Glass Half-Full of Innovations

> Posted by Paul Rippey



The Firefly Lamp - Solar-powered light for Mali

The Firefly Lamp - Solar-powered light for Mali


I was in Mali with David Levai for two weeks back in January, working to put together a coalition of importers, financiers, and distribution networks to get solar lamps out to people in villages. During the visit we met a particularly interesting potential partner, Ibrahim Togola – a young Malian, fluent in five languages, and with a PhD in renewable energy and economic development.
Togola is the director of the Mali Folkecenter. The Mali Folkecenter has nothing to do with folk music and handicrafts and everything to do with clean energy. It is a Malian NGO that is affiliated with the Danish Folkecenter for Renewable Energy. It works to promote the sustainable management of natural resources and their use to catalyze sustainable local economic growth.
In a world of Afro-pessimism, Togola is an Afro-optimist. For him, the intense sunlight falling on the Malian Sahara is an untapped resource, waiting to be turned into electricity and sold to neighboring countries. He talks about the huge quantities of water under the sands of Timbuktu, waiting to pumped and used to turn Mali into a garden. Where I see a population explosion, Togola sees the enthusiasm, energy, and the capacity of young minds.
Togola has wrestled with the same conundrum as we have at Energy Links: new clean energy technologies are available that make perfect sense to consumers, but are being adopted slowly. The blockages exist in part because of a lack of communication among the different sectors that are necessary to make products flow out to villages. We see the problem in exactly the same way and only differ on our proposed solution.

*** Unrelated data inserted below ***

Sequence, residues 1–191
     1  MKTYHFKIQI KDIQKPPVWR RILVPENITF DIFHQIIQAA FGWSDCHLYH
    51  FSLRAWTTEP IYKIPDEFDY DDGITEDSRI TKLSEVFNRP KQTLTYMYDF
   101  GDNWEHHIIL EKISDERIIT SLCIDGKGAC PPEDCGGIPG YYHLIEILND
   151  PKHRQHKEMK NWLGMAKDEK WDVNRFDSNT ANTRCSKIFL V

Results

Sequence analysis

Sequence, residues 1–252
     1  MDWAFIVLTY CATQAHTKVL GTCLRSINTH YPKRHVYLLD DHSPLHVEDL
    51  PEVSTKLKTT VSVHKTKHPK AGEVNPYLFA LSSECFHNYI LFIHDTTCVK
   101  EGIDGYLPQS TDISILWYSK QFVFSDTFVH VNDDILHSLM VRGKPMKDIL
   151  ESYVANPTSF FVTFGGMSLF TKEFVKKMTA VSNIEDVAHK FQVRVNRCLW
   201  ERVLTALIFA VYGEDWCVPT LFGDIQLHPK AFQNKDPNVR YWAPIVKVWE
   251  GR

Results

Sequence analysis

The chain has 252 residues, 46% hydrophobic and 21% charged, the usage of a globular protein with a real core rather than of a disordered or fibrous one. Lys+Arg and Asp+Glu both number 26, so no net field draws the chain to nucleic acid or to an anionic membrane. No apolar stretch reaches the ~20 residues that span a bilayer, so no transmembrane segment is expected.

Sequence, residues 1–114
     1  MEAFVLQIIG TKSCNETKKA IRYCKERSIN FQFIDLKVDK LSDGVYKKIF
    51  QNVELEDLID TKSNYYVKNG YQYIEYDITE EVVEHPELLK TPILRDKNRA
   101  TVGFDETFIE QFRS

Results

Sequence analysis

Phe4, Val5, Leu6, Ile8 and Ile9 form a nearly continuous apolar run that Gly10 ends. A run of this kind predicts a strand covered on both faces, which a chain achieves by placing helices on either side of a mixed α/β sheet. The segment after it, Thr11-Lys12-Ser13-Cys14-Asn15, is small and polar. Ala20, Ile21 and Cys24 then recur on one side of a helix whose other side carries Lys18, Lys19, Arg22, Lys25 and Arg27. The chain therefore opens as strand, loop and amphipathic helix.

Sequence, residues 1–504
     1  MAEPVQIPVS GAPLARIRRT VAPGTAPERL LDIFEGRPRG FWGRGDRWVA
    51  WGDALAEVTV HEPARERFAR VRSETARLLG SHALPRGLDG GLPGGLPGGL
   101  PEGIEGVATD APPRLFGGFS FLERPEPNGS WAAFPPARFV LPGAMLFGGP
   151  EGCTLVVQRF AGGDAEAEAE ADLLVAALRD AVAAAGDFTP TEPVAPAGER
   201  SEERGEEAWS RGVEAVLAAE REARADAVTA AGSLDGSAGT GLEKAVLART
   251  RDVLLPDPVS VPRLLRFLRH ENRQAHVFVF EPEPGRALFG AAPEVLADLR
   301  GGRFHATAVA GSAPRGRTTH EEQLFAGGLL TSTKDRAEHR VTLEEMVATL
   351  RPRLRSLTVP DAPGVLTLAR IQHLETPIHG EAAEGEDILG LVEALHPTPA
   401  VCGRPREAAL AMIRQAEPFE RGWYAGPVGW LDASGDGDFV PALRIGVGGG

While Energy Links has concentrated on bringing existing institutions to the same table, Togola has created new entities in each of three key sectors.
In 1998, Togola started the Folkecenter, an NGO, capable of implementing projects with donor money, but not structured to do the heavy lifting of massive commercial distribution of clean energy products. So, he started a for-profit company, ACCESS, an importer, wholesaler and retailer of energy products. Then, some of the ACCESS clients couldn’t find the cash to purchase the products that ACCESS was offering, so Togola started Nyetaa Finance, a credit union, specialized in financing energy-related investments.
Togola describes this structure, and also talks about what motivates him, in a new podcast, recorded in Bamako on US inauguration day, and now available on the Center’s site and iTunes.
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